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Latinos Praise SBA's New Program Rules


WASHINGTON - The United States Hispanic Chamber of Commerce (USHCC), which represents the interests of nearly 3 million Hispanic-owned businesses and over 200 local chambers of commerce nationwide, applauds the Small Business Administration’s (SBA) leadership in amending the 8(a) program to better reflect and address the challenges that Hispanic-owned businesses face today.

On February 11th, the SBA published a Final Rule that will result in many significant changes and improvements in the operation of the SBA 8(a) Program. USHCC President & CEO, Javier Palomarez greeted the release of the new 8(a) Rules with enthusiasm saying: "These new Rules bring about important changes in the 8(a) program that will improve it and make it more fair by correcting a number of glaring deficiencies that will ultimately render the program more effective."

The SBA 8(a) program is a nine-year business development program for small disadvantaged businesses that provides program participants access to government contracting opportunities, allowing them to develop experience as prime contractors in the federal marketplace. In FY09, 8(a) firms received $18.6 billion in federal prime contract awards.

In releasing the new 8(a) Rules for the SBA, Administrator Karen Mills stated that "The changes in the Rules governing the 8(a) Program are designed to better ensure that the benefits flow to the intended recipients and help prevent waste, fraud and abuse." The new Rules become effective March 14th, 2011.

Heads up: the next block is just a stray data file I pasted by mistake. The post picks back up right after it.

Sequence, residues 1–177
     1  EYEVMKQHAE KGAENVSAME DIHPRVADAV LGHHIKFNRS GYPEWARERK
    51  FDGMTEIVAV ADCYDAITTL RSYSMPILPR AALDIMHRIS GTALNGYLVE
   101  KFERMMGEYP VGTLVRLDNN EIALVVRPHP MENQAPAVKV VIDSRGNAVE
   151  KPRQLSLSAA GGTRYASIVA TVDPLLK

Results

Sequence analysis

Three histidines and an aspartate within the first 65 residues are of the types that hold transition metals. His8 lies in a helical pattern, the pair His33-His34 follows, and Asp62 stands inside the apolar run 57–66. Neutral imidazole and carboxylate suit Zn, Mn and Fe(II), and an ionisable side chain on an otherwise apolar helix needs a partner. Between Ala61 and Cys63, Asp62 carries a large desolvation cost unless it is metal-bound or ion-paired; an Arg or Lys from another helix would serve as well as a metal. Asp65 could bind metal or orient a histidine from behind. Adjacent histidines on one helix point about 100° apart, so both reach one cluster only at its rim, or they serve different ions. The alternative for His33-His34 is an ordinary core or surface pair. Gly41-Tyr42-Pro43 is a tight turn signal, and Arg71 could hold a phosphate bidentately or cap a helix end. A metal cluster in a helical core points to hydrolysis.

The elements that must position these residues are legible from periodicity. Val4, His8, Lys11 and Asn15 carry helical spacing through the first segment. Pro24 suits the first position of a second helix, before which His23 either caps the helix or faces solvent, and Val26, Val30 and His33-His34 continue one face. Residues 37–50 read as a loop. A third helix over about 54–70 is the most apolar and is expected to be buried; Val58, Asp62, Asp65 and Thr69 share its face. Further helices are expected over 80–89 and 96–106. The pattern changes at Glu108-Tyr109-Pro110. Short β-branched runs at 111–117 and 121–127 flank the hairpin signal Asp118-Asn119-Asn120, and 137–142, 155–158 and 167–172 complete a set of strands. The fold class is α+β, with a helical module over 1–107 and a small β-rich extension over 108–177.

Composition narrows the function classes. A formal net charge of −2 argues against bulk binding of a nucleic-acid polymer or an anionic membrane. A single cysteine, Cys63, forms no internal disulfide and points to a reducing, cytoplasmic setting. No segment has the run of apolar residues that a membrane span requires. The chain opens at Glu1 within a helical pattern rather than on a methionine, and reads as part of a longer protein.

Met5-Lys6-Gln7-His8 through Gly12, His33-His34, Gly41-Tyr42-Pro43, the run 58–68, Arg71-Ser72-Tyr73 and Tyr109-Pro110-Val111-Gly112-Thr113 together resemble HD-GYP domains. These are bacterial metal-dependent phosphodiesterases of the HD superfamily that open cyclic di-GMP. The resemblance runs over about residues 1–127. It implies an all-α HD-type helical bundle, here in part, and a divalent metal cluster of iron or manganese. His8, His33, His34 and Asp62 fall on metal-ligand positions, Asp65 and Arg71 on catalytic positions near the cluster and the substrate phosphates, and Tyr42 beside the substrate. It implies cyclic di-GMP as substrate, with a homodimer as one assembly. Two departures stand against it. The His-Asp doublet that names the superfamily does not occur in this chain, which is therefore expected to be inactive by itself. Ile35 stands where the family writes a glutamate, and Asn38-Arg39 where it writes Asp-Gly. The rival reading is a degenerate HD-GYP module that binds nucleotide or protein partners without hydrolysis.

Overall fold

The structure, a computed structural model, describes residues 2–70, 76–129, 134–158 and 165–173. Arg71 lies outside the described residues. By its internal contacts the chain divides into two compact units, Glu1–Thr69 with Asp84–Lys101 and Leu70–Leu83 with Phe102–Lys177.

The new rules cover a variety of areas of the program, including:
• Joint Ventures - requiring the 8(a) firm to perform 40 percent of the work on each 8(a) joint venture contract, including those awarded under a Mentor/Protégé agreement;
• Economically Disadvantaged - providing clarification on economically disadvantaged as it relates to total assets, gross income, retirement accounts;
• Mentor-Protégé Program - adding consequences, ranging from stop-work orders to debarment, for a mentor who does not provide assistance to their protégé;
• Ownership and Control - providing flexibility on whether to admit into the 8(a) program companies owned by individuals with immediate family members who are current or former 8(a) participants;
• Tribally-Owned Firms - requiring firms owned by tribes, Alaska Native Corporations, Native Hawaiian Organizations and Community Development Corporations to report benefits flowing back to their respective communities;
• Excessive Withdrawals - amending amount that is considered excessive as a basis for termination or early graduation from the 8(a) program;
• Business Size for Primary Industry - requiring that a firm's size status must remain small for its primary industry code during its participation in the 8(a) program.

About the United States Hispanic Chamber of Commerce
Founded in 1979, the USHCC actively promotes the economic growth and development of Hispanic entrepreneurs and represents the interests of nearly 3 million Hispanic-owned businesses in the United States that generate nearly $400 billion annually. It also serves as the umbrella organization for more than 200 local Hispanic chambers in the United States and Puerto Rico. Learn more at the USHCC's 21st Annual Legislative Summit in Washington, DC, March 28-30, 2011.


STORY TAGS: Hispanic News, Latino News, Mexican News, Minority News, Civil Rights, Discrimination, Racism, Diversity, Latina, Racial Equality, Bias, Equality

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